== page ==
- WIST is my personal collection of quotations, curated for thought, amusement, turn of phrase, historical significance, or sometimes just (often-unintentional) irony.
WIST currently holds 19,626 quotations by 3,057 authors. Please feel free to browse and borrow.
Author CloudAristotle • Asimov, Isaac • Bacon, Francis • Bible • Bierce, Ambrose • Billings, Josh • Butcher, Jim • Chesterfield (Lord) • Chesterton, Gilbert Keith • Churchill, Winston • Cicero, Marcus Tullius • Einstein, Albert • Eisenhower, Dwight David • Emerson, Ralph Waldo • Franklin, Benjamin • Fuller, Thomas (1654) • Gaiman, Neil • Galbraith, John Kenneth • Gandhi, Mohandas • Hazlitt, William • Heinlein, Robert A. • Hoffer, Eric • Homer • Huxley, Aldous • Ingersoll, Robert Green • Jefferson, Thomas • Johnson, Samuel • Kennedy, John F. • King, Martin Luther • La Rochefoucauld, Francois • Lewis, C.S. • Lincoln, Abraham • Martial • Mencken, H.L. • Orwell, George • Pratchett, Terry • Roosevelt, Eleanor • Roosevelt, Theodore • Russell, Bertrand • Shakespeare, William • Shaw, George Bernard • Sophocles • Tolkien, J.R.R. • Twain, Mark • Wilde, Oscar
- Only the 45 most quoted authors are shown above. Full author list.
Most Quoted Authors
Topic Cloudaction age America author beauty belief change character courage death democracy education ego error evil faith fear freedom future God government happiness history human nature humanity integrity liberty life love morality perspective politics power progress reality religion science society success truth virtue war wealth wisdom writing
- I've been adding topics since 2014, so not all quotes have been given one. Full topic list.
- “Wealth and Poverty,” speech, National… (10,003)
- Agamemnon, ll. 175-183 [tr. Johnston (2007)] (6,674)
- “The Lesson for Today,” A Witness Tree (1942) (6,259)
- “The Triumph of Stupidity” (10 May 1933) (5,638)
- Nobel prize acceptance speech (10 Dec 1962) (4,969)
- “Tips for Teens,” Social Studies (1981) (4,816)
- “On The Conduct of Life” (1822) (4,634)
- Letter to Clara Rilke (1 Jan 1907) (4,629)
- “A Cult of Ignorance,” Newsweek (21 Jan 1980) (4,249)
- “In Search of a Majority,” Speech,… (4,150)
- (Attributed) on
- Problems [Problemata], Book 30, Q. 1 / 953a [tr. @sentantiq (2018)] on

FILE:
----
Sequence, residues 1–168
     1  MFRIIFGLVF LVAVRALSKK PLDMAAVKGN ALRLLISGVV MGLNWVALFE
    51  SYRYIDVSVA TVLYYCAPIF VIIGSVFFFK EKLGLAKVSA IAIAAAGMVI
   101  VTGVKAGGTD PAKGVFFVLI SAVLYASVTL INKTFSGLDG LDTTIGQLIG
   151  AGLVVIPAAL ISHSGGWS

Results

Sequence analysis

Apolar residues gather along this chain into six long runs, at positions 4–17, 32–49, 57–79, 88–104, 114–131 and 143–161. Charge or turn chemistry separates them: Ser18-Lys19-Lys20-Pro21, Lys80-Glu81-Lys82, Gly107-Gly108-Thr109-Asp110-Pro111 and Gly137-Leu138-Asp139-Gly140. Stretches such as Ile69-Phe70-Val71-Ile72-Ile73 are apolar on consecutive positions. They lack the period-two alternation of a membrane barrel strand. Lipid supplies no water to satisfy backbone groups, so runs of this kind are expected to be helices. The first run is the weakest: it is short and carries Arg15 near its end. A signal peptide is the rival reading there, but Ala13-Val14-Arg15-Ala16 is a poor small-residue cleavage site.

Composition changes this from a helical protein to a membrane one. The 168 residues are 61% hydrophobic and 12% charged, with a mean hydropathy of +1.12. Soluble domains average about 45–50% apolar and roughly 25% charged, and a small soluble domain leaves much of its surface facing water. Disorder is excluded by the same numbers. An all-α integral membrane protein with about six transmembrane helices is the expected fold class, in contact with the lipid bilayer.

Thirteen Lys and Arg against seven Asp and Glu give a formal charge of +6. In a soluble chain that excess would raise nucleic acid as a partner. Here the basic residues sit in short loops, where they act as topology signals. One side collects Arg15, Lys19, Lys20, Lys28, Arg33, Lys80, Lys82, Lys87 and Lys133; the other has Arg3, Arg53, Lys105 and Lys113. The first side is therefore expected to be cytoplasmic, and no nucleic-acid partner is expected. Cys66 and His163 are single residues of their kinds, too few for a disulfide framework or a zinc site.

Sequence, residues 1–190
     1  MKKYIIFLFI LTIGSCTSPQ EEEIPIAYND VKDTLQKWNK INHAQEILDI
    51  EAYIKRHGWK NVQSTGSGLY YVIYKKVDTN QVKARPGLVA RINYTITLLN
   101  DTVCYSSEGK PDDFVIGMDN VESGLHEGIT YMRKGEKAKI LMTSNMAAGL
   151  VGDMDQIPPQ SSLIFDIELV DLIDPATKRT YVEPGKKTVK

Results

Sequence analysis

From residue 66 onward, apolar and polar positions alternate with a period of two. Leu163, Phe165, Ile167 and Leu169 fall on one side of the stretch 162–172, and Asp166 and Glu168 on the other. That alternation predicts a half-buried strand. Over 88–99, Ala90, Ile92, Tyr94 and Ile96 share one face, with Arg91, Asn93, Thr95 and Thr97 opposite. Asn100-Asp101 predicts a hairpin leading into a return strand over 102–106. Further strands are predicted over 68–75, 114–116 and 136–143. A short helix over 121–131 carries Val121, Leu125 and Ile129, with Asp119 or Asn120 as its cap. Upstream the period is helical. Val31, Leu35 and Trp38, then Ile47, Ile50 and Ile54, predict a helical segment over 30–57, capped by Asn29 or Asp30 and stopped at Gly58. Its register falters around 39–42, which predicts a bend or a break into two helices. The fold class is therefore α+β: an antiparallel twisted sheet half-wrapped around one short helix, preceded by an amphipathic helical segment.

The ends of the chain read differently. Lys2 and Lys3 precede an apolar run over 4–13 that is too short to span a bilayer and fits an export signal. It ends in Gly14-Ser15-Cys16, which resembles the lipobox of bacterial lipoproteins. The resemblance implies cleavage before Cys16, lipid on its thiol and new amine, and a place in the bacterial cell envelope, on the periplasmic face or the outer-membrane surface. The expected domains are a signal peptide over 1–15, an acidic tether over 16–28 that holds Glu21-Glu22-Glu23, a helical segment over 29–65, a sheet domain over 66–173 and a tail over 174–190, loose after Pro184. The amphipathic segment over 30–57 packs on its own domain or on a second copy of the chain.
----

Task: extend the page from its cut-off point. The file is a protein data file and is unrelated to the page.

- Poetics [Περὶ ποιητικῆς, De Poetica], ch. 17 / 1455a.33 (c. 335 BC) [tr. Bywater (1909)] on
- Moral Essays, “On Tranquility of Mind [De Tranquillitate Animi],” 17.10 [tr. Langsdorf (1900)] on
- Interview by Marc Cooper, The Progressive (Jul 2001) on
- Epigrams [Epigrammata], Book 12, epigram 13 (12.13) [tr. Michie (1972)] on
- Epigrams [Epigrammata], Book 3, epigram 37 (3.37) [tr. McLean (2014)] on
- Nicomachean Ethics [Ἠθικὰ Νικομάχεια], Book 2, ch. 5 (2.6.15-16) / 1106b.35 (c. 325 BC) [tr. Crisp (2000)] on
- Nicomachean Ethics [Ἠθικὰ Νικομάχεια], Book 2, ch. 1 (2.1, 1103a.32ff) (c. 325 BC) [tr. Crisp (2000)] on
- Nicomachean Ethics [Ἠθικὰ Νικομάχεια], Book 2, ch. 1 (2.1, 1103b.20ff) (c. 325 BC) [tr. Rackham (1934), sec. 7-8] on
Good sense is of all things in the world the most equally distributed, for everybody thinks he is so well supplied with it, that even those most difficult to please in all other matters never desire more of it than they already possess.
[Le bon sens est la chose du monde la mieux partagée; car chacun pense en être si bien pourvu, que ceux même qui sont les plus difficiles à contenter en toute autre chose n’ont point coutume d’en désirer plus qu’ils en ont.]
Discourse on Method [Discours de la méthode], Part 1, Opening Words (1637) [tr. Haldane & Ross (1911)]
(Source (French)). Alternate translations:
Right understanding is the most equally divided thing in the World; for every one beleevs himself so well stor’d with it, that even those who in all other things are the hardest to be pleas’d, seldom desire more of it then they have.
[Newcombe ed. (1649)]
Good sense is, of all things among men, the most equally distributed; for every one thinks himself so abundantly provided with it, that those even who are the most difficult to satisfy in everything else, do not usually desire a larger measure of this quality than they already possess.
[tr. Veitch (1850)]
Good sense is the most fairly distributed thing in the world; for everyone thinks himself so well supplied with it, that even those who are hardest ot satisfy in every other way do not usually desire more of it than they already have.
[tr. Ascombe & Geach (1971)]
Good sense is the best distributed thing in the world: for everyone thinks himself so well endowed with it that even those who are hardest to please in everything else do not usually desire more of it than they possess.
[tr. Cottingham, Stoothoff (1985), sec. 1]
Common sense is the best distributed commodity in the world, for every man is convinced that he is well supplied with it.
Of all things, good sense is the most fairly distributed: everyone thinks he is so well supplied with it that even those who are the hardest to satisfy in every other respect never desire more of it than they already have.
Nothing is more fairly distributed than common sense: no one thinks he needs more of it than he already has.
Added on 1-Feb-04 | Last updated 9-Feb-22
Visited 30 time(s).